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Title: Time-frequency analysis based on split spectrum applied to audio and ultrasonic signals
Author: Pedram Rad, Seyed Kamran
ISNI:       0000 0004 7968 3157
Awarding Body: Brunel University London
Current Institution: Brunel University
Date of Award: 2018
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Signal processing is a large subject with applications integral to a number of technological fields such as communication, audio, Voice over IP (VoIP), pattern recognition, sonar, radar, ultrasound and medical imaging. Techniques exist for the analysis, modelling, extraction, recognition and synthesis of signals of interest. The focus of this thesis is signal processing for acoustics (both sonic and ultrasonic). In the applications examined, signals of interest are usually incomplete, distorted and/or noisy. Therefore, reconstructing the signal, noise reduction and removal of any distortion/interference are the main goals of the signal processing techniques presented. The primary aim is to study and develop an advanced time-frequency signal processing technique for acoustic applications to enhance the quality of the signals. In the first part of the thesis, a technique is presented that models and maintains the correlation between temporal and spectral parameters of audio signals. A novel Packet Loss Concealment (PLC) method is developed with applications to VoIP, audio broadcasting, and streaming. The problem of modelling the time-varying frequency spectrum in the context of PLC is addressed, and a novel solution is proposed for tracking and using the temporal motion of spectral flow to reconstruct the signal. The proposed method utilises a Time-Frequency Motion (TFM) matrix representation of the audio signal, where each frequency is tagged with a motion vector estimate that is assessed by cross-correlation of the movement of spectral energy within sub-bands across time frames. The missing packets are estimated using extrapolation or interpolation algorithms using a TFM matrix and then inverse transformed to the time-domain for reconstruction of the signal. The proposed method is compared with conventional approaches using objective Performance Evaluation of Speech Quality (PESQ), and subjective Mean Opinion Scores (MOS) in a range of packet loss from 5% to 20%. The evaluation results demonstrate that the proposed algorithm substantially improves performance by an average of 2.85% and 5.9% in terms of PESQ and MOS respectively. In the second part of the thesis, the proposed method is extended and modified to address challenges of excessive coherent noise arising from ultrasonic signals gathered during Guided Wave Testing (GWT). It is an advanced Non-destructive testing technique which is used over several branches of industry to inspect large structures for defects where the structural integrity is of concern. In such systems, signal interpretation can often be challenging due to the multi-modal and dispersive propagation of Ultrasonic Guided Waves (UGWs). The multi-modal and dispersive nature of the received signals hampers the ability to detect defects in a given structure. The Split-Spectrum Processing (SSP) method with application for such signal has been studied and reviewed quantitatively to measure the enhancement in terms of Signal-to-Noise Ratio (SNR) and spatial resolution. In this thesis, the influence of SSP filter bank parameters on these signals is studied and optimised to improve SNR and spatial resolution considerably. The proposed method is compared analytically and experimentally with conventional approaches. The proposed SSP algorithm substantially improves SNR by an average of 30dB. The conclusions reached in this thesis will contribute to the progression of the GWT technique through considerable improvement in defect detection capability.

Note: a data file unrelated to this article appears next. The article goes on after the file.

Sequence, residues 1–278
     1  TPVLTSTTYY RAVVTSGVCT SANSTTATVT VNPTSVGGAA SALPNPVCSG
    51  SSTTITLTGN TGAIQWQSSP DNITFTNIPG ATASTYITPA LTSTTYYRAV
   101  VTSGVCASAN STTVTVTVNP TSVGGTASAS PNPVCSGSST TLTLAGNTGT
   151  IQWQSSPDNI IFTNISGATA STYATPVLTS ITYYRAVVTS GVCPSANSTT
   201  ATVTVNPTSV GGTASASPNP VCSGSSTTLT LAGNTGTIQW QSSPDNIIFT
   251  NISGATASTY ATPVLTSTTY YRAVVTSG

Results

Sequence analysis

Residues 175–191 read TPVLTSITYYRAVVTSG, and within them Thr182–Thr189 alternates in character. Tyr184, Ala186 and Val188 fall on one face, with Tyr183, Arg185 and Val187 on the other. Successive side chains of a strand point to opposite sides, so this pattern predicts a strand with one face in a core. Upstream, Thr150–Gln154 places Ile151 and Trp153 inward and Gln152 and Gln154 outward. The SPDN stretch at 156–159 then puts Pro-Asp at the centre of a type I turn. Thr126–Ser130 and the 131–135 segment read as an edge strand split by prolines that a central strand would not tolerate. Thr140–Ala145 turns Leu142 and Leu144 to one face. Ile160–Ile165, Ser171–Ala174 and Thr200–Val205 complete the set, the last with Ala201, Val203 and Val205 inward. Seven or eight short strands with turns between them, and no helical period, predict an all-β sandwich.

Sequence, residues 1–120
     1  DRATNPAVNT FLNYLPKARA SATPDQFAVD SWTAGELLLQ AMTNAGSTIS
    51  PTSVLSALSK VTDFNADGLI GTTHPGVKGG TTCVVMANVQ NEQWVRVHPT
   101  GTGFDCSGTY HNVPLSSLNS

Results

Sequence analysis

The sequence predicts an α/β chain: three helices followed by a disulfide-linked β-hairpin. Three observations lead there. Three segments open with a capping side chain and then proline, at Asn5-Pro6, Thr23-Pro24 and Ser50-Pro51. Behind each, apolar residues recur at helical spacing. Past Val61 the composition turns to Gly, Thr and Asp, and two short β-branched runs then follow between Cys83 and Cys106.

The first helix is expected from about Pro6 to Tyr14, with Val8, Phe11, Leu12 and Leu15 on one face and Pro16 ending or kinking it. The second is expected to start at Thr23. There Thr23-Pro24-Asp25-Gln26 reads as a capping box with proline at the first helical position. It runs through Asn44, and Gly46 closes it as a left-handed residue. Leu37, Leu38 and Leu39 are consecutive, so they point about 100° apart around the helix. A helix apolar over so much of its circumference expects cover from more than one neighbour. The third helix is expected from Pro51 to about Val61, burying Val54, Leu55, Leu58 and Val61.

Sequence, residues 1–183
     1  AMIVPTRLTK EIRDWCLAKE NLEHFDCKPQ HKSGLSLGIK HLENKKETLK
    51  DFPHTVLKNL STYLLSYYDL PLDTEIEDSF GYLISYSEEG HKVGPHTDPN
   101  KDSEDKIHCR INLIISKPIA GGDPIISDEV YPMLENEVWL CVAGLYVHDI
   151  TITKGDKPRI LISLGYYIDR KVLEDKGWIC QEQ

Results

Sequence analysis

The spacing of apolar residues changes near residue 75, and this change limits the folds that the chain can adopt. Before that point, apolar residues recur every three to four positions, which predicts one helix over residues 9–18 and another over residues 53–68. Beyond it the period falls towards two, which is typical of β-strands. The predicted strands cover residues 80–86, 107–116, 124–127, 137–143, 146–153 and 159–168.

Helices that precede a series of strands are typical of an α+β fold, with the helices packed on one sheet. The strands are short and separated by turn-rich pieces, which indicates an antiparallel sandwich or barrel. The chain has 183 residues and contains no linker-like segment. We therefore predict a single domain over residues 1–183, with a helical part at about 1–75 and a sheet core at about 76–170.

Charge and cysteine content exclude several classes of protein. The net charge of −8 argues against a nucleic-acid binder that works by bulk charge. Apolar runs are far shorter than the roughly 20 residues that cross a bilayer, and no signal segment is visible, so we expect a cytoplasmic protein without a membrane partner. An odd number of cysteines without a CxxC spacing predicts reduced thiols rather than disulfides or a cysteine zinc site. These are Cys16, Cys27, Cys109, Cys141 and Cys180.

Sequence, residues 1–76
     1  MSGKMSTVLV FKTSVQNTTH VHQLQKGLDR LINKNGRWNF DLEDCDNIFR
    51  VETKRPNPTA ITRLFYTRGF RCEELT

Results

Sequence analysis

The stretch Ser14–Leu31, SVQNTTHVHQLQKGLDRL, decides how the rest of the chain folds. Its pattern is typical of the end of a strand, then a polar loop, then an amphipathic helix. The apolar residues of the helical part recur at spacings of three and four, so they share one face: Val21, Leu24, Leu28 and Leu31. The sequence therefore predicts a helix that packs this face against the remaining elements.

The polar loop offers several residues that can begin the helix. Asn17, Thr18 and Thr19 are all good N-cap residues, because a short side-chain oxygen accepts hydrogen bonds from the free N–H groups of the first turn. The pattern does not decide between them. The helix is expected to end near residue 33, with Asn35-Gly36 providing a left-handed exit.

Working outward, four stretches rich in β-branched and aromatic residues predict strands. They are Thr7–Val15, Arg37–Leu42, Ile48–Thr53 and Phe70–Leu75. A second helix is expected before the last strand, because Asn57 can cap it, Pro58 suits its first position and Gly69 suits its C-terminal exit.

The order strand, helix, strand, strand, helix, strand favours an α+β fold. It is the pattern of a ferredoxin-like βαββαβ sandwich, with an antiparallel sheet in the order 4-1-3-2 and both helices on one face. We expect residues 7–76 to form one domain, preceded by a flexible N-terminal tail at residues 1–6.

Supervisor: Gan, L. ; Balachandran, W. Sponsor: Centre for Electronic Systems Research (CESR) of Brunel University ; National Structural Integrity Research Centre (NSIRC) ; TWI Ltd
Qualification Name: Thesis (Ph.D.) Qualification Level: Doctoral
EThOS ID:  DOI: Not available
Keywords: Guided waves ; Time-frequency analysis ; Split spectrum processing